Still, sharing common code between projects really shouldn’t be this hard. What we can really learn from the way we share and consume music today is that effective sharing requires a better experience: reducing overhead, increasing discoverability, and going from static to dynamic.
So, we decided to build it
Sometime early 2017 we had that exact dream. One of the best things about open source is that having an idea is a perfectly good enough reason to build it.
We decided to go ahead and build Bit — an open source project designed to do for code sharing what iTunes did for music sharing — make it simple, dynamic and easily accessible for everyone. Bit’s idea is simple: Kill the overhead of sharing code.
How it works
It was built to provide the fastest experience possible for “managed copy-pasting” and be 100% compatible with Git and NPM.
The key lies in Bit’s ability to separate the representation of shared code from your project’s file system, and its ability to track shared code across repos and projects whether it’s installed or actually sourced in these projects.
It breaks the overhead of sharing code by eliminating the need to split your repos or having to restructure your project and boilerplate multiple packages inside it.
Instead, you can simply point Bit to any part of your repo that you would like to share, let Bit automatically isolate it (including dependencies), and share it to a shared location called Scope from which it can be installed with NPM.
Since Bit is able to track actual source code between projects, you can also use it to import the code itself into any repository, change it, and let Bit sync changes across your projects for you.
When sharing, you can even
eject the code back to being a package dependency for your project.
As a result, there is basically no overhead for sharing code and making it available with NPM, discoverability is increased, and maintenance becomes much simpler. Scopes even help building and testing your code so you don’t have to configure these environments for every package.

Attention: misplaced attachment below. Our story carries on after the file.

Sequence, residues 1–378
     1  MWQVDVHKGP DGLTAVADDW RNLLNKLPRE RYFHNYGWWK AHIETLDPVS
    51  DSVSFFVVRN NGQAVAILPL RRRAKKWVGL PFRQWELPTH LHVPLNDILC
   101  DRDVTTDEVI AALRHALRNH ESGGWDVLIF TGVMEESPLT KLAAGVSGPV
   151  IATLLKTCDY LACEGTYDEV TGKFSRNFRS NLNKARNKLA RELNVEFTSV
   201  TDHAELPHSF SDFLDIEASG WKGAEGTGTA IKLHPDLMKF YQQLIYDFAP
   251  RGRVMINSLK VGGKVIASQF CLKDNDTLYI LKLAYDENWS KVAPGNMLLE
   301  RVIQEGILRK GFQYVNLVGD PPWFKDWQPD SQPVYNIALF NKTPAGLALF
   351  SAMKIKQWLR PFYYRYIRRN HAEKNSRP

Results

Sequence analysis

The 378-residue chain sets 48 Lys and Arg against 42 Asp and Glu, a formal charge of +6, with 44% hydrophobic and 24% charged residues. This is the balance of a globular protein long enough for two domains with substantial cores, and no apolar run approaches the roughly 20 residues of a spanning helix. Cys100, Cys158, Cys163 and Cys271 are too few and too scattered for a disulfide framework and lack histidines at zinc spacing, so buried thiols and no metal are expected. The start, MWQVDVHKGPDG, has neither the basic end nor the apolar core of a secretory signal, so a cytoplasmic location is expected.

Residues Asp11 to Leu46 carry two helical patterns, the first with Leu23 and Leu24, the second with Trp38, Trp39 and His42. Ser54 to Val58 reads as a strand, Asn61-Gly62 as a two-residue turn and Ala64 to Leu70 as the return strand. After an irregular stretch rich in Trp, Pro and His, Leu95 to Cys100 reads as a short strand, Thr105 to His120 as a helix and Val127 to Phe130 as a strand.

Here is how Bit’s workflow looks:
- Install Bit and initialize it for your project.
- Choose which components of code to track from your project and which environments to add for build and test processes.
- Share them to a remote Scope were they are hosted, organized, and made available to install using your favorite package manager.
- Easily import their code into any repo, change it as needed, and update your changes across your codebase.
Let’s see an example.
Back to React movie-app
Let’s go back to the React movie-app.
Sharing it took very little time and my project wasn’t changed at all. No new
package.json files were created and I didn’t have to configure multiple environments or fight my dependency tree.
As you can see, every component is now available to my entire team to install with NPM or to import into their own projects for further modifications.
They can search for it, and view useful information — from live rendering to build and test results, auto-parsed docs and examples — so they can judge its usefulness.
Our entire team can now organize and share our common code components without having to work hard or reinvent the wheel every day.
After using it for over 10 months, and after now being used by additional teams and communities, I welcome you to join and use it for your projects.
You can see a video demo of this project here.
Back to the future
Up until a few years ago, we had to burn a new project for every song we wanted to listen to. We had to store and maintain multiple static CDs and drag along a bunch of stuff just to listen to a single song. We duplicated songs between CDs and had trouble discovering the songs we really wanted.
iTunes provided us with the dynamic experience that helped us compose and share playlists, easily find the songs we wanted, and quickly update our playlists. When I’m at a party, I can easily play my up-tempo summer playlist, or just as easily play my romantic songs to my cat to get her to go to sleep.
We can learn a whole lot from how music moved from CD-Roms to shared playlists. Bit aims to make code sharing and reuse simple and accessible for everyone just like iTunes did for shared music. It’s still a work in progress, and as such it still has a lot of room to grow and evolve. You are welcome to try it out, suggest ideas and feedbacks, and help us take that leap forward.
“ The secret to efficiently building ‘large’ things is generally to avoid building them in the first place. Instead, compose your large thing out of smaller, more focused pieces… “
- A. Osmani